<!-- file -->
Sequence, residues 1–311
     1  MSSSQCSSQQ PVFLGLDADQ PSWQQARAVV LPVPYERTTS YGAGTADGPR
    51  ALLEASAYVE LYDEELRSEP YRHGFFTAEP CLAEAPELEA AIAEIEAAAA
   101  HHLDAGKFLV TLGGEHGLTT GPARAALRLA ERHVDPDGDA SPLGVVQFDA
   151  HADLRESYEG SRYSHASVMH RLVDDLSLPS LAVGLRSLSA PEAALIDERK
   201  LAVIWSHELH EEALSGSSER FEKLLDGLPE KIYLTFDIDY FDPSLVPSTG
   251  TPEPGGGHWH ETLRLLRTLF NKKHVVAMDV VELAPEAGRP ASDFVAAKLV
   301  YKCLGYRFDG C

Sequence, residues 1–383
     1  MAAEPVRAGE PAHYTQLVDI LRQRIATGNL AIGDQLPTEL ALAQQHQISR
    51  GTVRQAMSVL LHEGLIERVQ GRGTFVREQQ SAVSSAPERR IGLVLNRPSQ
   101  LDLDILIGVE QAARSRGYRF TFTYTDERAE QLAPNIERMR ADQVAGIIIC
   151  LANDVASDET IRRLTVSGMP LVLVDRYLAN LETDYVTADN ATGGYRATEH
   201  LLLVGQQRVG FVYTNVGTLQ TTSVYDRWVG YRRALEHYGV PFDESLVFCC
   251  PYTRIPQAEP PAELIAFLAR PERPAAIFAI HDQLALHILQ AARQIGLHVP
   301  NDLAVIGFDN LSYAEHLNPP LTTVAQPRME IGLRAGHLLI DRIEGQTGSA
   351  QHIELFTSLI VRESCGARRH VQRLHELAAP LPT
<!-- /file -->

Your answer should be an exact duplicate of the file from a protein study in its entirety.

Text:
Sequence, residues 1–311
     1  MSSSQCSSQQ PVFLGLDADQ PSWQQARAVV LPVPYERTTS YGAGTADGPR
    51  ALLEASAYVE LYDEELRSEP YRHGFFTAEP CLAEAPELEA AIAEIEAAAA
   101  HHLDAGKFLV TLGGEHGLTT GPARAALRLA ERHVDPDGDA SPLGVVQFDA
   151  HADLRESYEG SRYSHASVMH RLVDDLSLPS LAVGLRSLSA PEAALIDERK
   201  LAVIWSHELH EEALSGSSER FEKLLDGLPE KIYLTFDIDY FDPSLVPSTG
   251  TPEPGGGHWH ETLRLLRTLF NKKHVVAMDV VELAPEAGRP ASDFVAAKLV
   301  YKCLGYRFDG C

Sequence, residues 1–383
     1  MAAEPVRAGE PAHYTQLVDI LRQRIATGNL AIGDQLPTEL ALAQQHQISR
    51  GTVRQAMSVL LHEGLIERVQ GRGTFVREQQ SAVSSAPERR IGLVLNRPSQ
   101  LDLDILIGVE QAARSRGYRF TFTYTDERAE QLAPNIERMR ADQVAGIIIC
   151  LANDVASDET IRRLTVSGMP LVLVDRYLAN LETDYVTADN ATGGYRATEH
   201  LLLVGQQRVG FVYTNVGTLQ TTSVYDRWVG YRRALEHYGV PFDESLVFCC
   251  PYTRIPQAEP PAELIAFLAR PERPAAIFAI HDQLALHILQ AARQIGLHVP
   301  NDLAVIGFDN LSYAEHLNPP LTTVAQPRME IGLRAGHLLI DRIEGQTGSA
   351  QHIELFTSLI VRESCGARRH VQRLHELAAP LPT